Charles Kushner was among the largest political players in New Jersey, handing out huge donations through a multiplicity of entities controlled by his firm. He gave mostly to Democrats such as McGreevey and New Jersey Senator Jon Corzine, among others. Charles Kushner’s tax record and political giving came under scrutiny from New Jersey’s current governor, Chris Christie, who was the U.S. Attorney for New Jersey at the time (and who recently suspended his own campaign to be the Republican presidential nominee). Charles Kushner’s sister and brother-in-law cooperated with investigators. Kushner, in response, set up a honey trap, sending a prostitute to seduce his brother-in-law, recording their encounter and sending it to his sister.
The judge in the case called Kushner’s behavior “horrific,” according to a March 2005 report in The New York Times.
Jared visited him in prison in Alabama every week. Later, after his father was released, Jared continued to defend him in the press.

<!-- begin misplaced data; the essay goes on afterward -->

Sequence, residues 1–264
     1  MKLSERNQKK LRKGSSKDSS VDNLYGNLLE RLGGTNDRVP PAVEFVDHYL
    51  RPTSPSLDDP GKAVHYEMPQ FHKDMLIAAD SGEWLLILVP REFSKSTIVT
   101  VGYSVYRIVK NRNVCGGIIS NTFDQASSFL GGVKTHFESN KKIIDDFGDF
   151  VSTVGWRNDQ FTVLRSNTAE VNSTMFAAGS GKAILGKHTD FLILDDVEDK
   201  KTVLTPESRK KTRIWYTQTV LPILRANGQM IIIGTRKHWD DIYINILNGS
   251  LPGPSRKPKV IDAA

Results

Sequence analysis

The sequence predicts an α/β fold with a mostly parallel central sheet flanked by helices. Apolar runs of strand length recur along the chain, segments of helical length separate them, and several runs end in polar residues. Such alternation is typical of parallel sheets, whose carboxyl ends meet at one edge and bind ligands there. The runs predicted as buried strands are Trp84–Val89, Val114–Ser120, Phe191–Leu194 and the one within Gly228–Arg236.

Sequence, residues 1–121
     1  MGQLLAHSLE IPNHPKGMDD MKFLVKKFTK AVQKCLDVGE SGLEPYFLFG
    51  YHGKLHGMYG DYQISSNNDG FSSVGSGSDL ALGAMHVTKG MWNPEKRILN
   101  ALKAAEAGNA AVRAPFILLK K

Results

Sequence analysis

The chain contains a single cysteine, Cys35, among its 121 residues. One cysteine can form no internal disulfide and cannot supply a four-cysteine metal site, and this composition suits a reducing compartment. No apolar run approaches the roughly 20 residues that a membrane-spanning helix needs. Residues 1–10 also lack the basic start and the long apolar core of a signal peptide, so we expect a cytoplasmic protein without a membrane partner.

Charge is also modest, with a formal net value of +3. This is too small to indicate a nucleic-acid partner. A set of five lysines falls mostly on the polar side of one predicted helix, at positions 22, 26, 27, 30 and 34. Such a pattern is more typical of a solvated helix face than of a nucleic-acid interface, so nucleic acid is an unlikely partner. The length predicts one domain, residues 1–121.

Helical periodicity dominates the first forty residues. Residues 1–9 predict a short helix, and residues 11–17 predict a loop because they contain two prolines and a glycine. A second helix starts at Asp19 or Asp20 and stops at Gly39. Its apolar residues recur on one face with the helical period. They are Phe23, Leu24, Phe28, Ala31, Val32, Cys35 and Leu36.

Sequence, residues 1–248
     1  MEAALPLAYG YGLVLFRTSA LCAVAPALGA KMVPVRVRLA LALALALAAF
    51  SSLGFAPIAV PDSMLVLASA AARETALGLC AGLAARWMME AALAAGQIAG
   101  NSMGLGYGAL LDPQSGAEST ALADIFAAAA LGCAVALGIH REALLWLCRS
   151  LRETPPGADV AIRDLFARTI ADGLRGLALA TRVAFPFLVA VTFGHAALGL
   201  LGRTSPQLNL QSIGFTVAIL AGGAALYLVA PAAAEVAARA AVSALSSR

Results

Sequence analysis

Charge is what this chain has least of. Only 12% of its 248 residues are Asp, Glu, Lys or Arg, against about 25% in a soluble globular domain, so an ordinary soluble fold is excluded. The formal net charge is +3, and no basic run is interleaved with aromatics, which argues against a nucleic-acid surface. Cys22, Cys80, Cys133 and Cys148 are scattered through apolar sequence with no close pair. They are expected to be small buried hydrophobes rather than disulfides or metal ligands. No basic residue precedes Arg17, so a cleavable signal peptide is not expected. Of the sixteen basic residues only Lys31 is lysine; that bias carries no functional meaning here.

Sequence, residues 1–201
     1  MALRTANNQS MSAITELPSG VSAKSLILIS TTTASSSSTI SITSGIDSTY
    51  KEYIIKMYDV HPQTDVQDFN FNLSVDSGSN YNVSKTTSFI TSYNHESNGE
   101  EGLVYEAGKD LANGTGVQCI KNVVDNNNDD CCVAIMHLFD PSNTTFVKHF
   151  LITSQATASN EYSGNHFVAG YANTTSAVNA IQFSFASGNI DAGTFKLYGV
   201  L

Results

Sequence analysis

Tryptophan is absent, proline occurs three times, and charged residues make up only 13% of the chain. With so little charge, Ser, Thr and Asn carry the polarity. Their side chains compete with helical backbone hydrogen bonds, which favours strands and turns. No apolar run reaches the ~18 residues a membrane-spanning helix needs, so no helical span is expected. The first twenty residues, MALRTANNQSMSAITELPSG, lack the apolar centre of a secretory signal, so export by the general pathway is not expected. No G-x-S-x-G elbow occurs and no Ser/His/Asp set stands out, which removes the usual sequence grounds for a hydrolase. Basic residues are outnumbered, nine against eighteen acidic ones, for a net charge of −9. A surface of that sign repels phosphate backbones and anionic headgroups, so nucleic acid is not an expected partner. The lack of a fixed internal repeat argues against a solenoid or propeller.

“His siblings stole every piece of paper from his office, and they took it to the government,” he told New York Magazine in 2009. “All he did was put the tape together and send it. Was it the right thing to do? At the end of the day, it was a function of saying ‘You’re trying to make my life miserable? Well, I’m doing the same.’”
Years later, in a 2015 interview with The New York Times, Jared said that the “No. 1 thing” his father had taught him was to “treat everyone with respect,” which seems an unusual lesson to take from a guy who paid a prostitute $10,000 to seduce his brother-in-law.
Charles Kushner has been out of prison since 2006, and has continued his life more or less where he left off. Though Jared now runs the family firm, Charles and his wife, Seryl, remain active philanthropists. Their foundation, on the board of which Jared also sits, gave away $2.4 million in the 2013 fiscal year, much of it to Jewish charities. Charles and Seryl Kushner pledged $18 million to Shaare Zedek Medical Center in Israel in 2014; a hospital campus was dedicated in their name in early 2015.